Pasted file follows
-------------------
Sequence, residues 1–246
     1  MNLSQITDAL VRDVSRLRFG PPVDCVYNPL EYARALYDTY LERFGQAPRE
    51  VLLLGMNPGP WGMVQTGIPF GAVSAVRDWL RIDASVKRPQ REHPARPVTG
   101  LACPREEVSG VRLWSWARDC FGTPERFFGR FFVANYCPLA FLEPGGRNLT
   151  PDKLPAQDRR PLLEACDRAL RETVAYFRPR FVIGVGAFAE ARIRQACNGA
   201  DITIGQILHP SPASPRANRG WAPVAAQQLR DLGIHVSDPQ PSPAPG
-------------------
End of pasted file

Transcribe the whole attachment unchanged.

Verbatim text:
Sequence, residues 1–246
     1  MNLSQITDAL VRDVSRLRFG PPVDCVYNPL EYARALYDTY LERFGQAPRE
    51  VLLLGMNPGP WGMVQTGIPF GAVSAVRDWL RIDASVKRPQ REHPARPVTG
   101  LACPREEVSG VRLWSWARDC FGTPERFFGR FFVANYCPLA FLEPGGRNLT
   151  PDKLPAQDRR PLLEACDRAL RETVAYFRPR FVIGVGAFAE ARIRQACNGA
   201  DITIGQILHP SPASPRANRG WAPVAAQQLR DLGIHVSDPQ PSPAPG